Ian Player – was a friend, mentor and an inspiration to many people around the world.
He died peacefully, with family, at home in the Karkloof Valley of KwaZulu Natal, South Africa, on 30 November 2014. In long obituaries, Ian’s life and work was recognised on many continents and throughout the global conservation community, a few of which were: The New York Times; The Washington Post; The Times of London.
Here is a small part of his remarkable personal story:
Ian Player is one of the world’s outstanding conservationists and environmental statesmen. Born in South Africa in 1927, he “earned his stripes” in the rough and tumble era during which Africa’s protected areas were being created and tested. With his team, he also pioneered the saving of endangered species when they saved the white rhino from extinction (Operation Rhino).
He served on the Natal Parks Board and also later on the KwaZulu-Natal Nature Conservation Services Board as well as the South African National Parks Board. He was a recipient of many awards and two honorary doctorates throughout his career.
He was also instrumental in the zoning of the first wilderness areas, iMfolozi and St Lucia, in South Africa in the late 1950s and along with his Zulu mentor Magqubu Ntombela, in 1974 founded the World Wilderness Congress, which is the best-known and most effective global platform for debating and acting on wilderness issues.
On 5 April 2012, the inaugural Anton Rupert Award for Lifetime Achievement in Conservation was presented to Dr Player for the exceptional contribution that he has made in conservation.
His name is inextricably linked with the saving of the White Rhino from extinction and the establishment of Wilderness areas in iMfolozi and iSimangaliso. Amongst a long list of extraordinary and diverse achievements, Dr Player is remembered as the founder of the Duzi Canoe Marathon and of the Phuzamoya Dream Centre, a monthly event that has been running for 9 years and meets once a month.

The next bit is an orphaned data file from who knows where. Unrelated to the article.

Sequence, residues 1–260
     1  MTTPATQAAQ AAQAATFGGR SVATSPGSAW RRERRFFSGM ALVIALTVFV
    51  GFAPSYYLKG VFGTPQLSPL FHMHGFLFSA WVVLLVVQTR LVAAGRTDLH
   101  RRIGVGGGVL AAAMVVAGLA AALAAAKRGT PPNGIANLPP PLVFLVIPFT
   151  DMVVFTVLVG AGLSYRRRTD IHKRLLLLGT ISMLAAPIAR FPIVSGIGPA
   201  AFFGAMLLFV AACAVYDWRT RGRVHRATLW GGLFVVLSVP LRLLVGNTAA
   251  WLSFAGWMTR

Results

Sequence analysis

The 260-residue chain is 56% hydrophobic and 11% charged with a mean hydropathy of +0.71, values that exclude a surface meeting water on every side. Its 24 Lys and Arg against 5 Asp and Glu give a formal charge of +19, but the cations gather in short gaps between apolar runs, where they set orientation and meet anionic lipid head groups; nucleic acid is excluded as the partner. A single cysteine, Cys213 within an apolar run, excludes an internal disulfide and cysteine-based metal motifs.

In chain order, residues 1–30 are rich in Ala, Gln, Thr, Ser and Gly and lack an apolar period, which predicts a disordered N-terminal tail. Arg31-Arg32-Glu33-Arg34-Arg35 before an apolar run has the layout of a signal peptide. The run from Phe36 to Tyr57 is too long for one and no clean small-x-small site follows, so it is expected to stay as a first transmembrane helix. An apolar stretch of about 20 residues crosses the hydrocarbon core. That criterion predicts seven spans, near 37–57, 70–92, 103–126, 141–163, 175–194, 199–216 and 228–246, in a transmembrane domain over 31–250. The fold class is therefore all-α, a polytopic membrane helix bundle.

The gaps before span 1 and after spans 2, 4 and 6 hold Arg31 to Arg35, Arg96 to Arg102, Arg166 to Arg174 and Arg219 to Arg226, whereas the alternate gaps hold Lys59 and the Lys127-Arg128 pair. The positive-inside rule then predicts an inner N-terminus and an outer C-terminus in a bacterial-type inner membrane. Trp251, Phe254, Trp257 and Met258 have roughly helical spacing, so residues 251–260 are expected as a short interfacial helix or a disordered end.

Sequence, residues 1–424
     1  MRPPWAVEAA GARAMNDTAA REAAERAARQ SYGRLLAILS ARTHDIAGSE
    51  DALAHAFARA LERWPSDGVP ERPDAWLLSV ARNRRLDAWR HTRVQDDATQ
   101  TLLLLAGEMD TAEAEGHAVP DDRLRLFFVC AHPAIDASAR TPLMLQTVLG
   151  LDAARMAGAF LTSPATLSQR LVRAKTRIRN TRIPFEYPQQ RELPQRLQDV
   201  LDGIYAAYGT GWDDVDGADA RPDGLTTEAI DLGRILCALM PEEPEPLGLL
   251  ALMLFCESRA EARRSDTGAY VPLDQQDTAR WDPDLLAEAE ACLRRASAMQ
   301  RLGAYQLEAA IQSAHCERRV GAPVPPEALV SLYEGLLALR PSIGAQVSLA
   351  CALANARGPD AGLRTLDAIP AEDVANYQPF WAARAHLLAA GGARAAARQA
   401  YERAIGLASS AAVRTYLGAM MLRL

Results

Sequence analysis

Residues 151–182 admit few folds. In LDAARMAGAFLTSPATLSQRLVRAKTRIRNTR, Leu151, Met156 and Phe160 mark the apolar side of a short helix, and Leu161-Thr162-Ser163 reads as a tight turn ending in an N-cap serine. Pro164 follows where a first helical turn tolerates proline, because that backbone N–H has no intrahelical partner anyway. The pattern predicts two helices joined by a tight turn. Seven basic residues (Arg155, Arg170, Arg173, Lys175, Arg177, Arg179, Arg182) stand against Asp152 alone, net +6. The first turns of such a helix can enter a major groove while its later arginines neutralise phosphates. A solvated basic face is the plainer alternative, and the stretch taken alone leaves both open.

It is not possible to pay tribute to Ian Player without mentioning his close Zulu friend and mentor, Magqubu Ntombela, who came from the Somkhele community neighbouring HiP, the community devastated by the ever-expanding Tendele open-cast mine. Through the Mfolozi Community Environmental Justice Organisation (MCEJO), the community’s lawyer, Kirsten Youens, recently applied to the High Court in Pretoria for a review of the 30 year 222km mining right approved by minister Gwede Mantashe on 15 June this year. It is unimaginable to think of a noisy, polluting open-cast coal mine operating until 2046 on the boundary of the Park, affecting the wildlife and displacing and destroying the lives and livelihoods of thousands of rural farmers. Does this possibility also disturb the well-earned, peaceful sleep of Ian Player who was laid to rest at the age of 87 years, having lived a life dedicated to safe-guarding sacred natural places and precious species to ensure that future generations inherit a healthy, diverse and vibrant world?